From the history:
20 January 1957 Scott Base (WAP NZL-Ø1) a New Zealand’s permanent Antarctic research Station did open in Antarctica
As the base was named after British explorer Robert Falcon Scott, the New Zealand flag was raised on a flagstaff that had been used by Scott at Hut Point in 1903. Originally established to support the privately run Commonwealth Trans-Antarctic Expedition of 1955-58, it was to accommodate both the New Zealand party and a party of New Zealand scientists attached to the expedition who also contributed to the International Geophysical Year. These parties were the first to spend winter over at Scott Base. At the Completion of the expedition, Scott Base became the property of the New Zealand Government in agreement with the Ross Sea Committee. Source: https://nzhistory.govt.nz/page/scott-base-opened-antarctica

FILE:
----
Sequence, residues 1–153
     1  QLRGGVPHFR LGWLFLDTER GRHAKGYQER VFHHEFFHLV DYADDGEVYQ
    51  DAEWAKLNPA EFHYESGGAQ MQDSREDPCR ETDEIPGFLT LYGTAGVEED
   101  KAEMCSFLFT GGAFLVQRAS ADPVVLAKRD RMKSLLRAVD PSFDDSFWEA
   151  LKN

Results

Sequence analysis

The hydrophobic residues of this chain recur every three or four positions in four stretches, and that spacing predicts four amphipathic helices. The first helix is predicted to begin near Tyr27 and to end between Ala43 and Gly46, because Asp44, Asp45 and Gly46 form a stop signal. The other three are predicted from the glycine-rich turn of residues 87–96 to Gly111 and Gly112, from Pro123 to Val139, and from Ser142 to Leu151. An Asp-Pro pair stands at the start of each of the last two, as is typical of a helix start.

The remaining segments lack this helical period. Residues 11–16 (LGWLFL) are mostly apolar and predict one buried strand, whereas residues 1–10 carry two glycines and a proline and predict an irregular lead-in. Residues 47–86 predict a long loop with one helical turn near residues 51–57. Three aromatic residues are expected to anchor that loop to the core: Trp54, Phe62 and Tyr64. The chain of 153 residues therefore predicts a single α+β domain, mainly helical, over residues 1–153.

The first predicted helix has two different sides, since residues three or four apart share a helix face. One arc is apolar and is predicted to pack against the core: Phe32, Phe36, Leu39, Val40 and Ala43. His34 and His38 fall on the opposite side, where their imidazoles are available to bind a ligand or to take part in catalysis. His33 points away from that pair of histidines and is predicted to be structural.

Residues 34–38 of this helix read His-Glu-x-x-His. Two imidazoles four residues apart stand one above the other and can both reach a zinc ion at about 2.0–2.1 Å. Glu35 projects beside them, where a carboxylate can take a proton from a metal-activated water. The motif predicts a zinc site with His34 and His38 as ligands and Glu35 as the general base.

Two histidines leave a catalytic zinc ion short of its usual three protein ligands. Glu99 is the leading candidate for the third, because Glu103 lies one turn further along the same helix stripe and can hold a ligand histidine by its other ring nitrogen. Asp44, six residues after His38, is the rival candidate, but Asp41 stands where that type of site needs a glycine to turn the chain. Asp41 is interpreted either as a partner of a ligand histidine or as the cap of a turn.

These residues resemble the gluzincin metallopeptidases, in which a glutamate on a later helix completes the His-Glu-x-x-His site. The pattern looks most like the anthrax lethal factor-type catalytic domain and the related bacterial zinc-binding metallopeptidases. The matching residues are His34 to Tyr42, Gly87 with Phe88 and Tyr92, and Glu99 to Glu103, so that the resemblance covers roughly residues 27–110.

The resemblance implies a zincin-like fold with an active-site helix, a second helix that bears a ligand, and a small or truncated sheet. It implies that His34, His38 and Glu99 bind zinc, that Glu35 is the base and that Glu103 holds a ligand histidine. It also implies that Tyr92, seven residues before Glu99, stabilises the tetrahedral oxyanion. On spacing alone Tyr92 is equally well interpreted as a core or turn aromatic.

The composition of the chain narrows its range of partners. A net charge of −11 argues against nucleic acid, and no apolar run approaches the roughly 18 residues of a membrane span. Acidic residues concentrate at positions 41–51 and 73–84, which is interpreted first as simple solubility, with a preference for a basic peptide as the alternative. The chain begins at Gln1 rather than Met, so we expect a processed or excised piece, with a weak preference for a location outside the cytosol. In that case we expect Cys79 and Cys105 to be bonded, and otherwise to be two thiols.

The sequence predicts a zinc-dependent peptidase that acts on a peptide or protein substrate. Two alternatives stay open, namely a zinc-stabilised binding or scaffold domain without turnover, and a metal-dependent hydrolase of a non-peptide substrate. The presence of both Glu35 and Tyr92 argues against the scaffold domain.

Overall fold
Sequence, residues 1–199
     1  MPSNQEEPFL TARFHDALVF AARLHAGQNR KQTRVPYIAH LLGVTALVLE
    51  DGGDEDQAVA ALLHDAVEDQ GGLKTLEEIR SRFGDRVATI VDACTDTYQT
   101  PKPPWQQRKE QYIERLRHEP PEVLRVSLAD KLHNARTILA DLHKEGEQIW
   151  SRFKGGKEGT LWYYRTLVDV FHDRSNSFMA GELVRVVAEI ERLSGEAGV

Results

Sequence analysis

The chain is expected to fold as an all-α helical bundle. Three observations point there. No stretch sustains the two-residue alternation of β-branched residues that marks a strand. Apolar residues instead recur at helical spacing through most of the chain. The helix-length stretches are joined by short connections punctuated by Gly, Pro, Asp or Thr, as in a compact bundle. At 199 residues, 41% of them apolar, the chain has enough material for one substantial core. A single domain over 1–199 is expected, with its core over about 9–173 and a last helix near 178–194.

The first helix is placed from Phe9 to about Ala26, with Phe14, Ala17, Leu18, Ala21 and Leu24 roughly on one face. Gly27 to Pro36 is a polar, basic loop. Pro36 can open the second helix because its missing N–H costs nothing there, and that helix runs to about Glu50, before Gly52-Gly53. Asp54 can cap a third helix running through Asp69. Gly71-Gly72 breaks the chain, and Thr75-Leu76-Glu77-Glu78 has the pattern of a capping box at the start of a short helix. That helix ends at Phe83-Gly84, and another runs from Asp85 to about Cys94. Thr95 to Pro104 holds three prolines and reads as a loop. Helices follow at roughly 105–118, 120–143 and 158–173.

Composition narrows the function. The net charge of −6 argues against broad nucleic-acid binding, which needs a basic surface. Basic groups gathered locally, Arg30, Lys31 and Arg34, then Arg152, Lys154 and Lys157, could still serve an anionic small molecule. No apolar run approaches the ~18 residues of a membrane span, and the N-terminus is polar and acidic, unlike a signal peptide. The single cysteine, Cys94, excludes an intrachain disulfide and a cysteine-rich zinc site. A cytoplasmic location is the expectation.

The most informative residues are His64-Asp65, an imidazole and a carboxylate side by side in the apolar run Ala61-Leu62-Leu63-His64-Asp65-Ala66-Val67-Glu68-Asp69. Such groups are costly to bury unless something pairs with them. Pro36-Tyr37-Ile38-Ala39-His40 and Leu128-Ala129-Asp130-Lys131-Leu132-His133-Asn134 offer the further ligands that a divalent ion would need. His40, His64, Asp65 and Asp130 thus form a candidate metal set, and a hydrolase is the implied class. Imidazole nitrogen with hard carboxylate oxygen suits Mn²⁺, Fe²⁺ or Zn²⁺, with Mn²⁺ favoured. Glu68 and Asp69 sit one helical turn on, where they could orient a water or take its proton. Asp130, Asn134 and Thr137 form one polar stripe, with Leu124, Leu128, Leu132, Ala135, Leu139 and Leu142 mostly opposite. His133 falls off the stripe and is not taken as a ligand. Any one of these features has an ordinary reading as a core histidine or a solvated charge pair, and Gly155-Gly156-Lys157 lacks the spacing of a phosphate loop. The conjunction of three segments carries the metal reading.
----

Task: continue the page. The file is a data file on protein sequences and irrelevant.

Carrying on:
Scott Base, New Zealand’s only Antarctic research station, perches on a low volcanic headland called Pram Point at the Southern End of Ross Island, 3500 kms south of Dunedin and 1350 kms from the South Pole.
Located at Pram Point, Hut Point Peninsula, Ross Island in McMurdo Sound (77 o 51′ South, 166 o 46′ East), 10 m above sea level, between October through February Scott Base is a bustling hub of science researchers. Scott Base can accommodate 85 people at any one time, during the summer season more than 300 guests stay on Base.